May 16, 2013

The Poetry Feedback Loop

Besides being a blogger, I happen to be a poet. 

In January, I graduated from the Vermont College of Fine Arts MFA program in writing.  After two intensive years of reading and writing poetry, I suddenly found myself able to read whatever I wanted, from the trashy to the sublime.  I immediately embarked on four months of reading novels and nonfiction.  I read a lot of great books like Wild by Cheryl Strayed, Unbroken by Laura Hillenbrand, and Anna Karenina by Tolstoy, and a lot of above-average-quite-good-not-at-all-sorry-I-read-'em books like Are You My Mother by Alison Bechdel and The Language of Flowers by Vanessa Diffenbaugh.  

But I didn't pick up one single volume of poetry in my four-month post-graduation extravaganza of reading. And guess what? I didn't write much poetry either, or at least not much decent poetry.  I even took the April poem-a-day challenge but my poems were decidedly uninspired.  

And of course my pea brain wanted to write good or even great poetry and said pea brain knew it was missing something but it couldn't quite settle on what that something might be. Chocolate? Sunshine? Puppies? Oh, (palm hitting forehead) poetry!!

Now I'm easing my way back in--I just finished reading my contributor's copy (see how I slipped that in?) of The Cancer Poetry Project 2, an anthology that features poems by cancer patients and the people who love them.  Next up is Reverse Rapture by Dara Weir, a book with more parentheses than are found in entire libraries. Then I'll turn to my shelves of unread poetry books and choose whatever calls to me, whether its David Trinidad or Tess Gallagher, Thomas Lux or Rita Dove, Jack Gilbert or Eduardo C. Corral.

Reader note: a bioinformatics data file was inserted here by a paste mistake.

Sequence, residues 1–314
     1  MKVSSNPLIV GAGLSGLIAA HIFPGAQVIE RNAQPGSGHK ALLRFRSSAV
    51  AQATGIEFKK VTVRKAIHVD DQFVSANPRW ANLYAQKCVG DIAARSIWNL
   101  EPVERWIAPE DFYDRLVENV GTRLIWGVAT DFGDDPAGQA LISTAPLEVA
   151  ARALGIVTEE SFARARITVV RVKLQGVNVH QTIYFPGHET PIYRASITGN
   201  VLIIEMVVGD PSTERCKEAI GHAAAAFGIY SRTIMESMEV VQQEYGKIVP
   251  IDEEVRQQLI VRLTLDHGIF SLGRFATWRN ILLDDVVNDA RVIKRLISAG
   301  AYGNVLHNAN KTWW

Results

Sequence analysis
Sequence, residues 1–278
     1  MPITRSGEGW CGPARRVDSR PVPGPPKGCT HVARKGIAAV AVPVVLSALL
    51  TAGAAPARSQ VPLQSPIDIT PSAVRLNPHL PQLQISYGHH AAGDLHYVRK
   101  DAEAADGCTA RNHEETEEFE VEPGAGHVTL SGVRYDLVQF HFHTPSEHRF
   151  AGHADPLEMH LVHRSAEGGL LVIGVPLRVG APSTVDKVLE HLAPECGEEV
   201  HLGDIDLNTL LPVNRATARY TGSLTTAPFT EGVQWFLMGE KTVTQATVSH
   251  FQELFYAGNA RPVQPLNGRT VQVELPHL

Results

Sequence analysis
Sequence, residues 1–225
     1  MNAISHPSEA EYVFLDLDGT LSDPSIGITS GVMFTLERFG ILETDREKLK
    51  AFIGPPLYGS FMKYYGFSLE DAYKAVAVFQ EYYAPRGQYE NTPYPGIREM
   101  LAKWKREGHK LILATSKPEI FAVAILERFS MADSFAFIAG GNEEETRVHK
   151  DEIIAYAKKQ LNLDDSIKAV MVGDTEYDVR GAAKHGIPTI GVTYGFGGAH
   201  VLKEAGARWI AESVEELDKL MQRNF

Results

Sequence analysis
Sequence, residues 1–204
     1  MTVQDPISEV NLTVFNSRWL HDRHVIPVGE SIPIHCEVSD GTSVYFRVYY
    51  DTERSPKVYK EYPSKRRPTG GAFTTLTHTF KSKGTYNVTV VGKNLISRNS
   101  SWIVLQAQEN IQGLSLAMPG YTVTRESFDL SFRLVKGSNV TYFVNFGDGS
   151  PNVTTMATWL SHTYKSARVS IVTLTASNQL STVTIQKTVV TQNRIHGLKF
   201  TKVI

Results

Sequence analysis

I can't help but wonder if there's a metaphor embedded here; that what we take in is also what we put out; that we, as an American people, are taking in way too much of the wrong stuff—crap TV, fear, anger, corruption. The paradox is that we need to put more goodness out into the world—more friendship, considered thought, hard work for justice—in  order to then get it back, but that does seem to be the state of things, doesn't it?  Slap me before I start singing Kumbaya.  

And now, to Dara Weir.